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Third party car insurance explained

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When you buy car insurance, you’ll be given the choice of three different types of cover: third party, third party, fire and theft, and fully comprehensive cover. In this guide, we’ll take a closer look at third party only insurance, explaining how it works and what it includes. We’ll also compare it to the other levels of cover, to see which is the cheapest car insurance policy.

What is third party only insurance?

Third party insurance is the minimum level of car insurance you need to legally drive on UK roads.

But as it’s insurance for third parties, it will only pay out for claims made by other people, such as the drivers of other cars that were involved in an accident or your passengers.

Third party insurance won’t cover damage to your car or your medical bills if you’re injured.

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What does third party insurance cover?

Third party car insurance provides the lowest level of cover from the choices available, as it only covers the cost of claims made against you if you’re at fault in an accident.

Put bluntly, it exists purely to protect other road users, which is why it’s the minimum level of car insurance required by law.

Third party insurance covers

  • Injuries suffered by passengers in your car
  • Personal injury claims made against you (this might be from one of your passengers or the driver of another vehicle)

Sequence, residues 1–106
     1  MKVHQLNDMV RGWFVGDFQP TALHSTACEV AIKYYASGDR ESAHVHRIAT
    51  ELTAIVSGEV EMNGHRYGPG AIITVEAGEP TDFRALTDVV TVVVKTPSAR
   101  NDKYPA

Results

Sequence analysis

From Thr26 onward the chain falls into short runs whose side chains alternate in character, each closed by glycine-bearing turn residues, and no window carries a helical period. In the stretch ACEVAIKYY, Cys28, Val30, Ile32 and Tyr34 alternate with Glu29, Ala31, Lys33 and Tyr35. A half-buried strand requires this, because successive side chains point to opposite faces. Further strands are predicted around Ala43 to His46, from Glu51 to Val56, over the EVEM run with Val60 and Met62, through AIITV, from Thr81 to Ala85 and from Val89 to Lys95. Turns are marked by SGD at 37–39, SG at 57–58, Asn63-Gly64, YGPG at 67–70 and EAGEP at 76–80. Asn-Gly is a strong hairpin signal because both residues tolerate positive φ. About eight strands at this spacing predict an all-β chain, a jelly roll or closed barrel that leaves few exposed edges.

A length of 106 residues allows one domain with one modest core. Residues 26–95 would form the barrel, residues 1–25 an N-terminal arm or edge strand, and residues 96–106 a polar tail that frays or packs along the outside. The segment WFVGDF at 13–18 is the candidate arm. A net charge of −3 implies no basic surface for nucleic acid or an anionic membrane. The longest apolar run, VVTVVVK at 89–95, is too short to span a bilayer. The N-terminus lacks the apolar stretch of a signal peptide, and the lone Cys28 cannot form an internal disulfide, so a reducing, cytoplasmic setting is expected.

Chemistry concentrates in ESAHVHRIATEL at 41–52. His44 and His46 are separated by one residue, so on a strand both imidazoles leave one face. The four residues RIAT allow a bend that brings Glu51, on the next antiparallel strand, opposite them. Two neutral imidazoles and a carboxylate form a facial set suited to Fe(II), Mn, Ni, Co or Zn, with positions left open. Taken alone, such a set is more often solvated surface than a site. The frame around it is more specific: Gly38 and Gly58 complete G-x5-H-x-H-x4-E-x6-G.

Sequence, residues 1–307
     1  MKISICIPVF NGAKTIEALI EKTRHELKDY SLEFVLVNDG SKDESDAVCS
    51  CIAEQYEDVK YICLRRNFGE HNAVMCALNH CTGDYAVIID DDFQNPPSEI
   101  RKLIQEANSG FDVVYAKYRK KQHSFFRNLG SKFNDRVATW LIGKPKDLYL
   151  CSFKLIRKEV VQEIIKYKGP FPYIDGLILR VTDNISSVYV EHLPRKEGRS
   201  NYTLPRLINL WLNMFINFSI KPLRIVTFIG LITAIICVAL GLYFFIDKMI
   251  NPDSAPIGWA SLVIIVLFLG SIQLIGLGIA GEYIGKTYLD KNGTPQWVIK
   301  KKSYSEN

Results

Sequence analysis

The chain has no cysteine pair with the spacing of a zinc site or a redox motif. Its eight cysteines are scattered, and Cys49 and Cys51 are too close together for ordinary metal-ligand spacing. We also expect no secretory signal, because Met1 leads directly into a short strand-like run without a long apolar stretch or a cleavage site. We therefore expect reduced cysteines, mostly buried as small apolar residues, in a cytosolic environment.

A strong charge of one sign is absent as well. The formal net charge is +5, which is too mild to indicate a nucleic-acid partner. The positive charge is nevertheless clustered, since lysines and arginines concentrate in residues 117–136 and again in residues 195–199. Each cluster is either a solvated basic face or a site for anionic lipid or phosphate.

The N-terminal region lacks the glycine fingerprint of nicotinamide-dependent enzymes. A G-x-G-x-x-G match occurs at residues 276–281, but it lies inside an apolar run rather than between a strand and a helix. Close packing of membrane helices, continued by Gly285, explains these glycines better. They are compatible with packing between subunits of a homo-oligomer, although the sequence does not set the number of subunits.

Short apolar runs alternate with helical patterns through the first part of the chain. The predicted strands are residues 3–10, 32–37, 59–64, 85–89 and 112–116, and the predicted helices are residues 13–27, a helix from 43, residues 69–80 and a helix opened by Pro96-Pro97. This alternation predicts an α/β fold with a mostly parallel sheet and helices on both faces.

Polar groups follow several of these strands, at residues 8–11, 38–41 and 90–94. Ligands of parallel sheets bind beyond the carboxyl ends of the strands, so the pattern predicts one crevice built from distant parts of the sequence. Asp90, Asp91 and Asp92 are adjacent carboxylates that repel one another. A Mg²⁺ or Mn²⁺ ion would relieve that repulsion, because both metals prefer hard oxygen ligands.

• Damage to other drivers’ vehicles in an accident that was your fault
  • Damage to somebody else’s property in an accident that was your fault
  • Your legal costs if a claim is made against you

Third party only insurance doesn’t cover

  • Repairs to your car after an accident
  • Damage caused to your car if you’re hit by an uninsured driver
  • Damage to your car that is caused by a fire or an explosion
  • Your medical costs if you’re injured in an accident
  • The theft of your car

Note that third party only insurance is different to third party, fire and theft which, as its name suggests, will also pay out if your car is stolen or damaged by a fire.

What happens if I am involved in an accident and have third party only car insurance?

If you’re involved in an accident, it’s important to contact your insurance company as soon as possible, even if you aren’t likely to be claiming on your policy.

Your insurer will want to know:

  • When and where the accident took place
  • What happened
  • The conditions at the time, including the weather and visibility
  • Any information you can offer about damage to other cars or property 
  • Whether anybody was injured
  • Contact and insurance details for other drivers involved in the accident
  • Contact details for witnesses who weren’t directly involved
  • Whether the police attended the accident and, if so, whether you have a crime reference number

What happens next will depend on whether you were at fault.

If the accident was your fault: Your insurance provider should pay for any claims made against your policy by other people. This might be the cost of fixing another driver’s car, repairing a homeowner’s wall or paying a personal injury claim from a passenger, another driver or pedestrian. If you’ve built up a no-claims discount, you’ll likely lose some of this. Your insurer will let you know how many years you’ll lose once it has processed the claim.

If your car was damaged in the accident, you’ll need to pay for repairs or a replacement yourself. You won’t be able to make a claim on your insurance if you’re injured.